Anastrozole has been tested for reducing estrogens, including estradiol, in men.[12] Excess estradiol in men can cause benign prostatic hyperplasia, gynecomastia, and symptoms of hypogonadism. It can also contribute to increased risk of stroke, heart attack, chronic inflammation, prostate enlargement and prostate cancer.[13] Some athletes and body builders use anastrozole as part of their steroid cycle to reduce and prevent symptoms of excess estrogen--gynecomastia, emotional lability and water retention.[12] Study data suggest dosages of 0.5 mg to 1 mg a day reduce serum estradiol by approximately 50% in men, which differs in postmenopausal women.[14]

Usage in children[edit]

Anastrozole may be used off-label in children with precocious puberty, or children with pubertal gynecomastia.[2][15] Following the onset of puberty, the epiphyseal plate begins to close due to an increased amount of estrogen production escaping local metabolism and spreading to the circulatory system.[15] It is shown to help slow this process, and increase adult height prediction in adolescent males treated with protein-based peptide hormones for the treatment of growth hormone deficiency.[16]

References[edit]

  1. ^ a b c d "Anastrozole". The American Society of Health-System Pharmacists. Retrieved 8 December 2016. 
  2. ^ a b Mauras N, Bishop K, Merinbaum D, Emeribe U, Agbo F, Lowe E (August 2009). "Pharmacokinetics and pharmacodynamics of anastrozole in pubertal boys with recent-onset gynecomastia". J. Clin. Endocrinol. Metab. 94 (8): 2975–8. doi:10.1210/jc.2008-2527. PMID 19470631. 
  3. ^ "anastrozole". Chemical Entities of Biological Interest (ChEBI). European Molecular Biology Laboratory. Retrieved 2011-08-14. 
  4. ^ Fischer, Janos; Ganellin, C. Robin (2006). Analogue-based Drug Discovery. John Wiley & Sons. p. 516. ISBN 9783527607495. 
  5. ^ "www.who.int" (PDF). 
  6. ^ "Anastrozole". International Drug Price Indicator Guide. Retrieved 8 December 2016. 
  7. ^ "NADAC as of 2016-12-07 | Data.Medicaid.gov". Centers for Medicare and Medicaid Services. Retrieved 18 December 2016.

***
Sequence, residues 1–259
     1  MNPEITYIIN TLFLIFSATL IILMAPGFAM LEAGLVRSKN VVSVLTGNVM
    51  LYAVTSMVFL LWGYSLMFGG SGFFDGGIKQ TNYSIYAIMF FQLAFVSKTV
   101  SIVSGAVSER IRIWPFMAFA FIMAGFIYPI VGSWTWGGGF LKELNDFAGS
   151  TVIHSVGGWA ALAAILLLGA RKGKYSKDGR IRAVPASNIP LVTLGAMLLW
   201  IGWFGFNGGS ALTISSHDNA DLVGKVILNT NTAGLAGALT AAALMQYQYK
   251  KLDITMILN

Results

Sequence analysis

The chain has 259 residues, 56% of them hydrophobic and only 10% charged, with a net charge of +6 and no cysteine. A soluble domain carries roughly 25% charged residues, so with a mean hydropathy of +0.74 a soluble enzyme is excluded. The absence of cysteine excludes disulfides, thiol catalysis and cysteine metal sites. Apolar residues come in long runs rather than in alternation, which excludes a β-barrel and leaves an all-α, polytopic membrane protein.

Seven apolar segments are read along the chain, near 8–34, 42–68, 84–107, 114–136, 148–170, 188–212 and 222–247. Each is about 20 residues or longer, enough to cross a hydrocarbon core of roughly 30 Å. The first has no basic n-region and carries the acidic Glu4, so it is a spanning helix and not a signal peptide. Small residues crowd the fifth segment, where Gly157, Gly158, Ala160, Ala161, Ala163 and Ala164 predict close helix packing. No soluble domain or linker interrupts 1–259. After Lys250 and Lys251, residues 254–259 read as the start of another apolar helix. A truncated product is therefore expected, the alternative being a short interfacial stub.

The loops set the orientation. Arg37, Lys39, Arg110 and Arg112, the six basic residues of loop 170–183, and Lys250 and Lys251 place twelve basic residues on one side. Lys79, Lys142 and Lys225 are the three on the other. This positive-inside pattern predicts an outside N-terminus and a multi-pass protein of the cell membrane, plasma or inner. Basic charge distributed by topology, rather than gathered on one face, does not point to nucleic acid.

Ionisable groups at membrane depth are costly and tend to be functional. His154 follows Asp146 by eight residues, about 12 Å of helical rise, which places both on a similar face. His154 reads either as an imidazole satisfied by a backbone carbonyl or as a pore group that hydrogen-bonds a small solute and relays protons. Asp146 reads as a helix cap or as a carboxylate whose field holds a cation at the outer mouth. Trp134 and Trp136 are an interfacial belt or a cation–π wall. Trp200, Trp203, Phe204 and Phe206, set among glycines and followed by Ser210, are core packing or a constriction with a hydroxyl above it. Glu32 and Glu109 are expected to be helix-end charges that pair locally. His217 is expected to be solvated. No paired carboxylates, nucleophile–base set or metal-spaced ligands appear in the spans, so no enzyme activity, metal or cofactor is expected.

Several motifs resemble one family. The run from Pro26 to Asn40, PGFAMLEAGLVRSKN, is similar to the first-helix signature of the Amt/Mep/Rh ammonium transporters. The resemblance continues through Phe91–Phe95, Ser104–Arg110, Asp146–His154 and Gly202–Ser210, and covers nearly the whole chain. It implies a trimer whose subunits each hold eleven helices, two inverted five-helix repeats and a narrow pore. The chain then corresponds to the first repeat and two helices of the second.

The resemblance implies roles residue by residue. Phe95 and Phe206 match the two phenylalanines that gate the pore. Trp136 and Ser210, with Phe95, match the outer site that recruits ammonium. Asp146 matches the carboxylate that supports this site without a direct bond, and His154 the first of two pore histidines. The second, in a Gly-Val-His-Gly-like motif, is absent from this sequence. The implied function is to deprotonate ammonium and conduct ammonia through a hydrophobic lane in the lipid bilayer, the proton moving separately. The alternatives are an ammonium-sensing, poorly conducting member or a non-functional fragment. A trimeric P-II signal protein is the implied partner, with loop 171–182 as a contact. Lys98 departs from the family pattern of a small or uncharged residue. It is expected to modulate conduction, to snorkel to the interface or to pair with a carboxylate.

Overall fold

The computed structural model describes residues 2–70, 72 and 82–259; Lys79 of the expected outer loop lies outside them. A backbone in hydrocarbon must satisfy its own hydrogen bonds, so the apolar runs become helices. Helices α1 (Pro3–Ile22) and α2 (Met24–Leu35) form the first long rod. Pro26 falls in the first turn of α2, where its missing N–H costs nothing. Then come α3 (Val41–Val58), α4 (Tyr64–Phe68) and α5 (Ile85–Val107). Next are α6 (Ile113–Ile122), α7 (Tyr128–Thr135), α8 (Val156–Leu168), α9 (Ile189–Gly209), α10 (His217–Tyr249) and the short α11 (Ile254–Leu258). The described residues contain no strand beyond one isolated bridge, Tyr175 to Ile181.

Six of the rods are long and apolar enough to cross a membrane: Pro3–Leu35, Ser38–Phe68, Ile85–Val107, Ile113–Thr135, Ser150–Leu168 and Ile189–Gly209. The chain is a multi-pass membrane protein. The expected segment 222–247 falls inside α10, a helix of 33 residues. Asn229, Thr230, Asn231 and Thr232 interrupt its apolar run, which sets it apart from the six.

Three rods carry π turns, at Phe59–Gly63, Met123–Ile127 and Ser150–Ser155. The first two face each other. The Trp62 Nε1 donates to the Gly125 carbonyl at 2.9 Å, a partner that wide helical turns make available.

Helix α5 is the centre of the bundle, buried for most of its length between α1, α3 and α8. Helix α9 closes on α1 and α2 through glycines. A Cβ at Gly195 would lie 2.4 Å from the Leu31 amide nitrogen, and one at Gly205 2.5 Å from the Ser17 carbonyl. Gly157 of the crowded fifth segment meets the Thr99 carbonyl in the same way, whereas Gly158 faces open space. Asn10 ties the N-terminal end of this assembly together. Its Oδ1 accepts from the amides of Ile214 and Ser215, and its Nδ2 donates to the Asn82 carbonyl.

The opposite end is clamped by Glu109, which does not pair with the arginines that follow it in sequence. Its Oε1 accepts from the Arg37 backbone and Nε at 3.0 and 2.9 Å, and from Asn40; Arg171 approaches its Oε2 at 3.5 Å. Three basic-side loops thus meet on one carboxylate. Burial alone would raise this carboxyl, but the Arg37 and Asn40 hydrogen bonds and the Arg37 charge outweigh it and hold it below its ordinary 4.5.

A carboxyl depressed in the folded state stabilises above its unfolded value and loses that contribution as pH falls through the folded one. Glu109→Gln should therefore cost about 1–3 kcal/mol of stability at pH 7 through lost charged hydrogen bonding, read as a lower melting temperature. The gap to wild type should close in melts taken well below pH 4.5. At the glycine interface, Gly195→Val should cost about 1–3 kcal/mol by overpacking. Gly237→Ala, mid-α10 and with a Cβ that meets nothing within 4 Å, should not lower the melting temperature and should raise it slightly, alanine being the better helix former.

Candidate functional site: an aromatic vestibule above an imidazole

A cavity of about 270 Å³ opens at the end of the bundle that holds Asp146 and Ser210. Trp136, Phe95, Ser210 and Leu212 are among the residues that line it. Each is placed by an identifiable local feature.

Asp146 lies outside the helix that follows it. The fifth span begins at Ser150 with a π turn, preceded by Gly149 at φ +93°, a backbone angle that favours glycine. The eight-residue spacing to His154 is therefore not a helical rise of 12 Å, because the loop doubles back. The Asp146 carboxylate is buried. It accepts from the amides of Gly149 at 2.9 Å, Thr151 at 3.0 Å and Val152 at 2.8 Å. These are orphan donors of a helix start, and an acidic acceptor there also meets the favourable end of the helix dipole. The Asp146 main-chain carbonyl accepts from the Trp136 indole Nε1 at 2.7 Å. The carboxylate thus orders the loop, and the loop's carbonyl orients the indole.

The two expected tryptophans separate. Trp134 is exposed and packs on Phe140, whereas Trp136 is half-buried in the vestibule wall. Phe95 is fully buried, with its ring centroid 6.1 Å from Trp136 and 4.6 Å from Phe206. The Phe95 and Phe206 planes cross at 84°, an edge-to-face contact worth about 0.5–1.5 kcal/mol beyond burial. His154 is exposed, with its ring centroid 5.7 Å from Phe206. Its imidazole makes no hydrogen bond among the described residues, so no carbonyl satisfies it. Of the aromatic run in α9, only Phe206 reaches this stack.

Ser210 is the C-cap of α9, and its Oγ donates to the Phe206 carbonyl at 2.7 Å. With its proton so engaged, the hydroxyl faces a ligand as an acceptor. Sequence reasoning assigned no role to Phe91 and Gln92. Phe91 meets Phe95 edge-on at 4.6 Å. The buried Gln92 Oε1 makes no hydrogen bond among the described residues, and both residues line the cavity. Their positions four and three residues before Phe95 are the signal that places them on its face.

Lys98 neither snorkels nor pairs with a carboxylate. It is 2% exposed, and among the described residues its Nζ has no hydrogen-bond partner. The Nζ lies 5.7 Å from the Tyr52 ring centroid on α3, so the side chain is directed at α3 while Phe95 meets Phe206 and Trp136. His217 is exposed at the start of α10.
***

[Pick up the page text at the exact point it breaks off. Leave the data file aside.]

8. ^ a b c Howell A; Cuzick J; Baum M; et al. (2005). "Results of the ATAC (Arimidex, Tamoxifen, Alone or in Combination) trial after completion of 5 years' adjuvant treatment for breast cancer". Lancet. 365 (9453): 60–2. doi:10.1016/S0140-6736(04)17666-6. PMID 15639680. 
  9. ^ a b Jakesz R, Jonat W, Gnant M, Mittlboeck M, Greil R, Tausch C, Hilfrich J, Kwasny W, Menzel C, Samonigg H, Seifert M, Gademann G, Kaufmann M, Wolfgang J (2005). "Switching of postmenopausal women with endocrine-responsive early breast cancer to anastrozole after 2 years' adjuvant tamoxifen: combined results of ABCSG trial 8 and ARNO 95 trial". Lancet. 366 (9484): 455–62. doi:10.1016/S0140-6736(05)67059-6. PMID 16084253. 
  10. ^ Gallagher, James (12 December 2013). "Breast cancer: Drug 'halves' risk of tumours". BBC News. Retrieved 12 December 2013. 
  11. ^ Simpson ER (September 2003). "Sources of estrogen and their importance". J. Steroid Biochem. Mol. Biol. 86 (3-5): 225–30. doi:10.1016/S0960-0760(03)00360-1. PMID 14623515. 
  12. ^ a b Mauras N, O'Brien KO, Klein KO, Hayes V (July 2000). "Estrogen suppression in males: metabolic effects". J. Clin. Endocrinol. Metab. 85 (7): 2370–7. doi:10.1210/jc.85.7.2370. PMID 10902781. ; Dougherty RH, Rohrer JL, Hayden D, Rubin SD, Leder BZ (February 2005). "Effect of aromatase inhibition on lipids and inflammatory markers of cardiovascular disease in elderly men with low testosterone levels". Clin. Endocrinol. (Oxf). 62 (2): 228–35. doi:10.1111/j.1365-2265.2005.02205.x. PMID 15670201. 
  13. ^ Faloon, William. "Dangers of Excess Estrogen In the Aging Male". Life Extension Magazine, November 2008. [1]
  14. ^ Leder BZ, Rohrer JL, Rubin SD, Gallo J, Longcope C (March 2004). "Effects of aromatase inhibition in elderly men with low or borderline-low serum testosterone levels". J. Clin. Endocrinol. Metab. 89 (3): 1174–80. doi:10.1210/jc.2003-031467. PMID 15001605. 
  15. ^ a b Faglia G, Arosio M, Porretti S (December 2000). "Delayed closure of epiphyseal cartilages induced by the aromatase inhibitor anastrozole. Would it help short children grow up?". J. Endocrinol. Invest. 23 (11): 721–3. doi:10.1007/bf03345059. PMID 11194703. 
  16. ^ Mauras N, Gonzalez de Pijem L, Hsiang HY, Desrosiers P, Rapaport R, Schwartz ID, Klein KO, Singh RJ, Miyamoto A, Bishop K (March 2008). "Anastrozole increases predicted adult height of short adolescent males treated with growth hormone: a randomized, placebo-controlled, multicenter trial for one to three years". J. Clin. Endocrinol. Metab. 93 (3): 823–31. doi:10.1210/jc.2007-1559. PMC 2266949Freely accessible. PMID 18165285. 

External links[edit]